Jia Zou, a research scientist at Rice University, enjoys the creative possibilities CS has to offer. Zou’s interest for scientific research was born the day she entered an international, 72-hour mathematical contest in modeling with two classmates from college.
The competition, sponsored by the Consortium for Mathematics and Its Applications (COMAP), required each team to build a mathematical model to investigate a real world issue.
Each team was challenged to devise an algorithm which uses data provided by the anemometer to adjust the water-flow from a fountain as wind conditions change. Zou and her friends worked through restrictions such as attractive spectacle and soaking avoidance. Winning meritorious prize ushered Zou into a lifelong love for research.
“It’s really exciting. It’s not like I incrementally improve a system. I get to build new systems from ground up with a great team,” she said.
Zou received her Ph.D in Computer Science from Tsinghua University, China. She worked at IBM Research-China as a researcher. Currently her research interests focuses on large-scale distributed systems and big data management systems.
Zou works on the PlinyCompute project with a team led by Chris Jermaine, who is principal investigator (PI) of the Pliny Project funded by DARPA.
The team wrote a paper about the PlinyCompute system which was accepted to the ACM SIGMOD Conference 2018. The paper is called “PlinyCompute: A Platform for High-Performance, Distributed, Data-Intensive Tool Development.” They will present the paper this summer.
Zou explained that UDF-Centric systems such as Spark are the trend for analytics, but they have drawbacks. PlinyCompute makes user defined function (UDF) easily analyzable in an efficient way for query optimization.
The paper describes how PlinyCompute, a system for development of high-performance, data-intensive, distributed computing tools and libraries, can help programmers.
“More and more people need to do complex analytics of big data. This requires a large-scale distributed analytics platform to help users to develop their analytic applications,” she said.
PlinyCompute is unique because looking from a macro, large-scale view, it gives programmers a high-level declarative interface that helps them set up distributed computations through automatic relational database style optimizations. Looking from a micro, small-scale view, PlinyCompute gives experienced systems programmers capabilities to access a persistent object data model and API as well as a memory management system designed for high-performance, data-intensive operations.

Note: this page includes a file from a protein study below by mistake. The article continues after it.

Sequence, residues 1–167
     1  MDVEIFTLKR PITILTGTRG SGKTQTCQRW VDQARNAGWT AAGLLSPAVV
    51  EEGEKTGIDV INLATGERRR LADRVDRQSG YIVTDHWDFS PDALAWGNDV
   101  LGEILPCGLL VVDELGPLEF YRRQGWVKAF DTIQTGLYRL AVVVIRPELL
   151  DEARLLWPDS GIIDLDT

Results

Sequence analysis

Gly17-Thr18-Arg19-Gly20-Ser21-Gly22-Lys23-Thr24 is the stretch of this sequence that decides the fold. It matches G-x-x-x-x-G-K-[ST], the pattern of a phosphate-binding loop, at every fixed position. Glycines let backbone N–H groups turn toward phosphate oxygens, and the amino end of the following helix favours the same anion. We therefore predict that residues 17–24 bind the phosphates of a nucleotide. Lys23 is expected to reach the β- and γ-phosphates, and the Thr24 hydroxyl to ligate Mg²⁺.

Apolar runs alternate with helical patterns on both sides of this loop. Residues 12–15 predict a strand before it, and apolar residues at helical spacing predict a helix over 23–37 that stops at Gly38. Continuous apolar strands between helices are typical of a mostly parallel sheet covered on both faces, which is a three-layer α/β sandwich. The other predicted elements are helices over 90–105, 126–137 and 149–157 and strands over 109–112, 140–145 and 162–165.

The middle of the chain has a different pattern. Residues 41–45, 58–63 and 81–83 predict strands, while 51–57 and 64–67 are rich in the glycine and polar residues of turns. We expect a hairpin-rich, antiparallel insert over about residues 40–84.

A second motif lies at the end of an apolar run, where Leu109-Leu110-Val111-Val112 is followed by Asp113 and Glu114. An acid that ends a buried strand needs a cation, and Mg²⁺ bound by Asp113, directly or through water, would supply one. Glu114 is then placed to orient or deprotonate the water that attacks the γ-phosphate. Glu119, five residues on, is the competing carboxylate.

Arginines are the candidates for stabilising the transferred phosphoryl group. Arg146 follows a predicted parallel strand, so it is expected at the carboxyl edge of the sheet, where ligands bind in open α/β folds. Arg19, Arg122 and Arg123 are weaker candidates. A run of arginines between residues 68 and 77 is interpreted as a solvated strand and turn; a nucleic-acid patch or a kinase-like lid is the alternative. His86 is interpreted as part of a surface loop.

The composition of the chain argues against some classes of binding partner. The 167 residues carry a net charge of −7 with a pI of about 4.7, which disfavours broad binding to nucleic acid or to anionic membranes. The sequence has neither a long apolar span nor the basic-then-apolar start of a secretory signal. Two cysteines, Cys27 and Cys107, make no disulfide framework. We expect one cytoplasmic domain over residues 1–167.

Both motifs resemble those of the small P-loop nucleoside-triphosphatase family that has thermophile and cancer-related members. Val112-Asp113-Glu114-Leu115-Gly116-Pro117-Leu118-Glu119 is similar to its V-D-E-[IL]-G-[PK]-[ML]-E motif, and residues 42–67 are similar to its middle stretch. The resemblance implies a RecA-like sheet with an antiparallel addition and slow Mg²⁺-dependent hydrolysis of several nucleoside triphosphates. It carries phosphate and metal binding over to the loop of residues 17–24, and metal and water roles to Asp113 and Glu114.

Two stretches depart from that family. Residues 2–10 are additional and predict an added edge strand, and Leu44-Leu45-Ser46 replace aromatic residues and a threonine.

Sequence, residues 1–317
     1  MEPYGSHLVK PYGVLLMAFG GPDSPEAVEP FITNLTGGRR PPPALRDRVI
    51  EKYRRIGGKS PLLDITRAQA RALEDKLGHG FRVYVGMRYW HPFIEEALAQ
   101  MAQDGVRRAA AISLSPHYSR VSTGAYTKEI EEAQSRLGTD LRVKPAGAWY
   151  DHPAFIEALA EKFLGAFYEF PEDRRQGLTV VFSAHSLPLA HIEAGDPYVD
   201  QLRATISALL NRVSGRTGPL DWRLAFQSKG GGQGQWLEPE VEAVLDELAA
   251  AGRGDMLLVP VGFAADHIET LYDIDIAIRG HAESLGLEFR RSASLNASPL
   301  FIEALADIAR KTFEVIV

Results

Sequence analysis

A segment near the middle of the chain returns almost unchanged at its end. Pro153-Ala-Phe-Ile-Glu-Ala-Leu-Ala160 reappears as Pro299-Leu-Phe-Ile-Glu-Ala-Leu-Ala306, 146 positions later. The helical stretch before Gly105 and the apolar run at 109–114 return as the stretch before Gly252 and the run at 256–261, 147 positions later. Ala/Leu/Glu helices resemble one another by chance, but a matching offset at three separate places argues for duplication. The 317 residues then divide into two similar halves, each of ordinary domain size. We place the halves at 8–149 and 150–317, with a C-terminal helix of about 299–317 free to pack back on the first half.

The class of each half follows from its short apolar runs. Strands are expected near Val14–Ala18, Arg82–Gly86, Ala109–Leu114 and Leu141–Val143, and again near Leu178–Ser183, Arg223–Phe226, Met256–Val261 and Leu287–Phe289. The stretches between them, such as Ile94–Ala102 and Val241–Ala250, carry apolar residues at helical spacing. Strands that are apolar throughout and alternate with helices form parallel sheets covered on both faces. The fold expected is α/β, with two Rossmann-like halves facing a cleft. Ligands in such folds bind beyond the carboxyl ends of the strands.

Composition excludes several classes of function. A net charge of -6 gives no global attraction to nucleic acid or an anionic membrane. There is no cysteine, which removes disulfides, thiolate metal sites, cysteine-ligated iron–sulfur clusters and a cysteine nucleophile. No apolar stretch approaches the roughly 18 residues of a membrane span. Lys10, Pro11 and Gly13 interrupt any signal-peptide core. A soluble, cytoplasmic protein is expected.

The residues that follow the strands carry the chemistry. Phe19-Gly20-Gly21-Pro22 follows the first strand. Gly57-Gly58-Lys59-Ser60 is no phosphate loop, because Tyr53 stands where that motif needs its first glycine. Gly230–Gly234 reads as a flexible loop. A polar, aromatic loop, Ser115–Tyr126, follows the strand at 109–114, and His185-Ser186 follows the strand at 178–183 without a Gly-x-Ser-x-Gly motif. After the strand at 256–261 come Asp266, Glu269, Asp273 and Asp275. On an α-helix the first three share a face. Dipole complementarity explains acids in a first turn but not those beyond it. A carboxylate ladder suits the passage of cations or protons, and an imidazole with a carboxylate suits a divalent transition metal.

“Several years ago a lot of new systems widely adopted in the industry emerged such as Hadoop and Spark. They allow users to use high level programming language like Java to develop the analytics application. Although those systems allow users to define many complex manipulations in Java, they have several significant drawbacks,” Zou said.
“To solve those problems we decided to use C++ to avoid the JVM run time overhead, to enable the efficient compilation of analyzable UDF and also the high-performance object model,” she said.
Zou was responsible for designing and implementing key system components including PlinyCompute’s distributed query processing engine, storage and buffer pool management , physical optimizer and query scheduler, as well as cluster management in the PlinyCompute prototype presented in the paper. She also lead the system integration, performance evaluation and optimization.
Zou's paper highlights many benefits of PlinyCompute, such as greater speed. Implementing complex objects manipulation and non-trivial, library-style computations on top of PlinyCompute can result in a speed up of 2x to more than 50x or more compared to equivalent implementations on Spark.
“Existing works like High Performance Computing (HPC) and tensorflow provide good performance but bad productivity. Systems like Spark provides good productivity but worse performance. We provide good productivity that allows people to more easily and freely develop the applications and good performance, which makes things faster,” she said.
The daily work of a research scientist can be divided in two parts, Zou said. She works on the existing research agenda while keeping an eye on future projects.
“Academic research requires more leadership. When working in the industry, you are serving a product line and your research agenda is well defined by the company’s strategy. In the academic world there’s more flexibility in choosing research problems, but such flexibility means you need to drive yourself harder, you need to be more creative because no one provides you with research problems, you have to find them on your own,” she said.
Zou wants to use her research to improve lives in the future.
“I want to continue to do really good work in building and improving UDF-centric systems to facilitate analytics on big and fast arriving data. There’s a lot of promising research in those areas with a lot of challenges. It can really benefit people’s lives and the world.”
Cintia Listenbee, CS Publicist